How Much Do You Need to Retire?
How much do you need to retire? And are you on track for retirement? Here’s how to calculate what you need to live your golden years to the fullest.
While most Americans want to retire by 67, many of them have a long way to go. In a survey of 2,000 adults aged 40 to 79 with at least $25,000 in investable assets found that nearly two-thirds of 40-somethings have less than $100,000 saved for retirement. The average retirement savings for all American households is $65,000, and for those under 35, the average balance is less than $13,000.
It should come as no surprise, then, that 66% of Millennials don’t feel on track for retirement savings.
How much do you need to retire? And are you on track for retirement? To answer that question, you’ll need to answer a series of other questions first. Let’s break it down.
When Will You Retire?
First, you have to ask yourself when you plan to retire.
The age at which you retire significantly impacts how much you need to save. The longer you work, the less you’ll need to save. Remember, you’ll continue to earn an income the longer you work, which means you’ll give your savings more time to grow. Plus, your Social Security benefit will be higher and you’ll spend fewer years in retirement.
Also, keep in mind that while the rule of thumb is retiring at 65, you are not married to that number. In reality, this rule is only useful as it relates to Medicare—Medicare doesn’t kick in until age 65, which means most people delay retirement until at least that age.
However, this is a reason to delay retirement, not accelerate it.
Remember, Medicare was created in 1965. In 1965, the average life expectancy was around 70.11 years. Assuming you lived a perfectly average life in 1965, enrolling in Medicare at 65 and retiring at 65, you would only live for about five more years. In 2020, the average life expectancy was 78.81, which means retirement savings have to last almost three times longer than it did in 1965. That does not mean you’re guaranteed to die at 78—many people live longer than that.
Of course, your health and your job may not permit working longer. But as a rule, the longer you can work, the better off you’ll be.
How Much Will You Spend?
Second, you have to think about how much you’ll spend in retirement, as this will raise or lower your goal number.
The rule of thumb is that you should have 80% of your pre retirement income stashed in savings…but it requires a contortionist’s thumb. At this point, the rule is an anachronism, because it assumes a 20% decrease in spending based on:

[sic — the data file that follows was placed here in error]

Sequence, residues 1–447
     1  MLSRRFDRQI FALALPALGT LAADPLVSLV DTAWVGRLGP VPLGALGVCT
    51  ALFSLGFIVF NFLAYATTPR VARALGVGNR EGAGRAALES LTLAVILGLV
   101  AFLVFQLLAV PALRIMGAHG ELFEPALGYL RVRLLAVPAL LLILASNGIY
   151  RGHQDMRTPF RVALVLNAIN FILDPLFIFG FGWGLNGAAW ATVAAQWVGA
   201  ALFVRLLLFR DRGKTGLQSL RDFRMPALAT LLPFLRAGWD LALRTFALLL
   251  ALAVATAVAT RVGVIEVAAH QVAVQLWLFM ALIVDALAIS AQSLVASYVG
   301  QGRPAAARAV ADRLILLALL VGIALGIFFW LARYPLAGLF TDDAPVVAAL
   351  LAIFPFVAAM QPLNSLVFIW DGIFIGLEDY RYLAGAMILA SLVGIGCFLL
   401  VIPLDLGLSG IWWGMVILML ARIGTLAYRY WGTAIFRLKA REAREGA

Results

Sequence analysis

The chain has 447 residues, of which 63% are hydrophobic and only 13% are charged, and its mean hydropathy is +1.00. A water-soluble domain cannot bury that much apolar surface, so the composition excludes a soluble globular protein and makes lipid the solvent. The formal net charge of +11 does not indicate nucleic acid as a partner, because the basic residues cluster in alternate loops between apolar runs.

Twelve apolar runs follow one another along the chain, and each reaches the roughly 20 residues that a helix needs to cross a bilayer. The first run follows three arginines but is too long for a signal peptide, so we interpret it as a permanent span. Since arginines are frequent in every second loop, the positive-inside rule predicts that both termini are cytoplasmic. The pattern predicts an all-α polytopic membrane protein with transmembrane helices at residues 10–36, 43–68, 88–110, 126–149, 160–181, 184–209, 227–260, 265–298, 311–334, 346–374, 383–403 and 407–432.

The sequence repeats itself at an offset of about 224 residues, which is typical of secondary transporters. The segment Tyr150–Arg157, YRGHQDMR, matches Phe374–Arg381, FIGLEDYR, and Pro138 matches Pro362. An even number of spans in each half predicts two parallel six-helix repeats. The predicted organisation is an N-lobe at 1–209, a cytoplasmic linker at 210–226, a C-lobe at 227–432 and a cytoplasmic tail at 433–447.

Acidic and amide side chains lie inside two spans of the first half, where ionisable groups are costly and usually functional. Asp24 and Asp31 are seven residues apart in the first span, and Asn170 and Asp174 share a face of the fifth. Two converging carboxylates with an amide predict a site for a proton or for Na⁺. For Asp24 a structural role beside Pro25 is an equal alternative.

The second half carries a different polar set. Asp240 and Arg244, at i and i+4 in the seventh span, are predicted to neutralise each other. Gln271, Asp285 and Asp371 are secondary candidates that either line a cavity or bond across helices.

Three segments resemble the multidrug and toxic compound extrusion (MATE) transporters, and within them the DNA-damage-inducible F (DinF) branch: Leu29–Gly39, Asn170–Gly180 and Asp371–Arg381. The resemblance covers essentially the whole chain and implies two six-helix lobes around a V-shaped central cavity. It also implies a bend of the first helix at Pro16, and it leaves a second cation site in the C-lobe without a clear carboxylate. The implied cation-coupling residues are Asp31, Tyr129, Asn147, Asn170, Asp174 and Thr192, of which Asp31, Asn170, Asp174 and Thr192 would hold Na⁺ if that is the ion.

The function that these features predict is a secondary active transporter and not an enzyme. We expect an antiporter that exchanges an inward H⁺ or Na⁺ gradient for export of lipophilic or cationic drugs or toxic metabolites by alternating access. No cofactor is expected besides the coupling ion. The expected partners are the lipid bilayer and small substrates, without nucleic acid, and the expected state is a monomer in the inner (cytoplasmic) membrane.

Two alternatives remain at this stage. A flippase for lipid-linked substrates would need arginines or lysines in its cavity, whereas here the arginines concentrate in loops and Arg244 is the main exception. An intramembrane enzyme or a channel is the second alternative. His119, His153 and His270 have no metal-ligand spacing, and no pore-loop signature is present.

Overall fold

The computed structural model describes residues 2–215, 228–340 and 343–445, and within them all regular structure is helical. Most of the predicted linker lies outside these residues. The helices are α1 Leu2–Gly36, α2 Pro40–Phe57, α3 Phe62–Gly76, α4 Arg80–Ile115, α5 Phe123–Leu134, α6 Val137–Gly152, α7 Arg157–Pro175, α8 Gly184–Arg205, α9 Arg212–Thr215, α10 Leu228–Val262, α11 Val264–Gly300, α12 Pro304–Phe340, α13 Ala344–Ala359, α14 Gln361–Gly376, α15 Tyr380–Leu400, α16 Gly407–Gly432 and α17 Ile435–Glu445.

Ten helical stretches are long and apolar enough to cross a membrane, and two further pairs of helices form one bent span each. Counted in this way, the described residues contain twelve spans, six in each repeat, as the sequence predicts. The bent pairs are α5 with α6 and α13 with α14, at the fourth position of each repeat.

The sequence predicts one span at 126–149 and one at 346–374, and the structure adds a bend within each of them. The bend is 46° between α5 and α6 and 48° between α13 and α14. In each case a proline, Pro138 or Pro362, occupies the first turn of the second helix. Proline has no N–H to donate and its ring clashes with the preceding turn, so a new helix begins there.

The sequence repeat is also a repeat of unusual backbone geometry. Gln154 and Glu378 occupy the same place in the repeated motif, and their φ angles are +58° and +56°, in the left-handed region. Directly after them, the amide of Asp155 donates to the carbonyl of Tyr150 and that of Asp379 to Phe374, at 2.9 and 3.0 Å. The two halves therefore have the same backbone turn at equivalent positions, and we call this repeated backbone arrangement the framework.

- Not commuting to work
- Not paying into Social Security
- No longer paying a mortgage
While you’re no longer paying into Social Security, the other two assumptions are outdated. These days, more than 20% of Americans over age 65 are working or looking for work in retirement compared to just 10% in 1985. Plus, retirees now approach the golden years as a time to have new adventures, at least in the first few years.
Basically, you’ll have to think about how much you plan to spend, which includes things like:
- Basic expenses
- Medical care (this goes up as you age)
- Support for your kids
- How much you plan to leave to your children or charity
In other words, plan on having more than just the basic expenses covered.
How Long Will You Live?
This one isn’t the most fun question to plan for, and unfortunately, it’s hard to know unless you have a fully functioning crystal ball.
However, most people err on the short side of the calculation, and that’s a serious problem once you’re already in retirement. If you plan your retirement based on living until you’re 80, your 81st birthday won’t be much of a celebration. Unless you’re in frail health going into retirement, your best bet is to plan on living about 25 more years—until age 90.
How Much Will You Withdraw Each Year?
Since you’re not necessarily earning an income in retirement (or at least, not an income you can predict decades into the future), you should try to save as if you’ll live entirely on savings. Then your income becomes a question of how much you withdraw from savings each year.
The rule of thumb is 4% each year, which is based on a 1998 Trinity College study. These days, that number is highly conservative for most people. Think of 4% not as the ideal, but as the minimum safe withdrawal. Also, this number was based on the assumption that 50% of your investments are equities, and if that’s not your portfolio, it doesn’t make sense to plan that way.
So…How Much Do You Need to Retire?
So…how much do you need to retire?
The short answer: there is no set number.
The slightly longer answer: it depends on you.
The equation isn’t a precise calculation, but it’s not unsolvable. Your best bet is to calculate your retirement needs twice per year based on your income and adjust as needed, aiming to save as much as you can for as long as you can help it. Remember, once you retire, the income you had from your job is gone.
Let’s Invest in Your Financial Future
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